National interest should guide the award-wapsi crowd, at all times.


Dadri is some 50 kilometers from Delhi. Malda over 1,500. But that cannot be the only reason why Malda has not entered national consciousness. Dadri was in headlines for several weeks. The crime was gruesome. An innocent man was killed in a fit of rage that he ate cow meat. This was unpardonable. Culprits would soon be brought to justice.
However, in Malda there was a method in the madness. The state withdrew, leaving the field open for criminals behind opium cultivation, narcotics trade, gun-running, counterfeit-currency distribution, etc. As a result, there was a spree of arson and looting. The local police station was burnt down, Hindu homes torched, shops looted. Nearly one lakh Muslims in the border town of Kaliachak, which is 90% Muslim, had marched in response to a call given by a little known religious group, ostensibly to protest the blasphemous remarks of a Hindu Mahasabha leader a month earlier in faraway Lucknow.
Kamlesh Tiwari, who had since been arrested by the UP police, had, no doubt, made an offensive reference to the Prophet, apparently while reacting to an odious comparison of the RSS with the Islamic State of Iraq and Syria. Irfan Habib, the darling of jholawalla liberals, who struts his act as an authority on ancient and medieval India, had likened the RSS to the barbarians of the ISIS, thus exposing his own highly jaundiced mindset and undermining his scholarship. Predictably, he found a ready backer in the great oracle of Rampur. UP minister Azam Khan certified that the great historian of the Aligarh school of thought was right in comparing RSS to the ISIS, a claim so far heard only on television channels from the nightly Pakistani guests. But, then, some may say there was little to distinguish between Indian and Pakistani Muslims when it comes to nationalist organisations like the RSS. Anyway that is a different story. Let us return to the matter in hand.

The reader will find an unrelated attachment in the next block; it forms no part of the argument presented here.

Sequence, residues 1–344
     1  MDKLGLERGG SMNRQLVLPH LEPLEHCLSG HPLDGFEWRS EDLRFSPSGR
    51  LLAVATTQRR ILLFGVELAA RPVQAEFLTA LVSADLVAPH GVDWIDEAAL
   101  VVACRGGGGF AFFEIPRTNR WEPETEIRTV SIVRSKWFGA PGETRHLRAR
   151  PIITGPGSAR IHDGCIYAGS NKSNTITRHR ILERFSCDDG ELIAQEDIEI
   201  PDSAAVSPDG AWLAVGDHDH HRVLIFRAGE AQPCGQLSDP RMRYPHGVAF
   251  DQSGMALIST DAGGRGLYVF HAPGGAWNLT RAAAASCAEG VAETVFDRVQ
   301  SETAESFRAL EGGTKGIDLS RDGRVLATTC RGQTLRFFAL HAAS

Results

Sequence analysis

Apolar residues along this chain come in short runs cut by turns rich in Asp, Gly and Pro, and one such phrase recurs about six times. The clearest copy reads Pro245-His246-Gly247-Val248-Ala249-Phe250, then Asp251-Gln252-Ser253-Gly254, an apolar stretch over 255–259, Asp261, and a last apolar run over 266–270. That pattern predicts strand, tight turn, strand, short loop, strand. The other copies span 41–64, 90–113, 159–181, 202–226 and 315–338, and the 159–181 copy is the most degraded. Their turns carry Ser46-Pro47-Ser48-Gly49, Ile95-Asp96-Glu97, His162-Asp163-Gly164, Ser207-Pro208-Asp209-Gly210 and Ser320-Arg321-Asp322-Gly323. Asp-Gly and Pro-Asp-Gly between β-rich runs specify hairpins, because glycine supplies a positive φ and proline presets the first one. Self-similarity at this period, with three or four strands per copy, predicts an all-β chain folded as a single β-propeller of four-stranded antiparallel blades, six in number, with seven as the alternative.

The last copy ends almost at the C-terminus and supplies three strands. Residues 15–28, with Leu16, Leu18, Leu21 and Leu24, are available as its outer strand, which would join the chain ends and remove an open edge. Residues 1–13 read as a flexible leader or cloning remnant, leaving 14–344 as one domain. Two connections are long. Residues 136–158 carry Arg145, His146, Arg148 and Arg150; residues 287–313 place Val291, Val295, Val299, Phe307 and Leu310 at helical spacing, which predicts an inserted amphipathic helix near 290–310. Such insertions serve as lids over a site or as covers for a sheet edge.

A loony seemed to have found a match in other loonies. Normally, the matter should have ended with the protests in UP and the arrest of Tiwari. But the subterranean currents in the pan-India Muslim community now unmistakably point to a concerted effort at consolidation, to try and use its substantial numbers as a cohesive and strong pressure group. The vote-bank identity politics the “secularist” parties brazenly indulge in clearly panders to the narrow-minded and extremist leadership of the Muslims. Witness the way the secularist parties are competing to woo the openly sectarian Maulana Badruddin Ajmal of the All India Democratic United Front ahead of the elections in Assam. 
Vote-bank considerations alone would explain why in spite of the advance notice about the protest march weeks before it actually took place, there was no police bandobast. The rioters were given a free hand. The local thana was set on fire. A number of police and private vehicles were burnt. Records in the police station destroyed. But there was hardly any mention of the violent spree in Kaliachak in the national media. As is her wont, Chief Minister Mamata Banerjee maintained that the march was peaceful.
Malda district borders Bangladesh. Over 60% of the counterfeit currency is said to be smuggled into India through the Malda border. With criminal gangs acting as conduits for Pakistan’s ISI, even in the normal course there should have been a heavier presence of the police, and intelligence personnel. But the “secularist” parties which have ruled West Bengal since Independence have given a free pass to the anti-national elements in Malda, and their soul mates across the international border. All for the votes of the Muslim community. For decades, the Congress was the beneficiary, after its decline the Trinamool Congress is a clear gainer. Without patronising various criminal gangs in Malda, rival political parties cannot hope to make headway. This further exacerbates the law and order situation.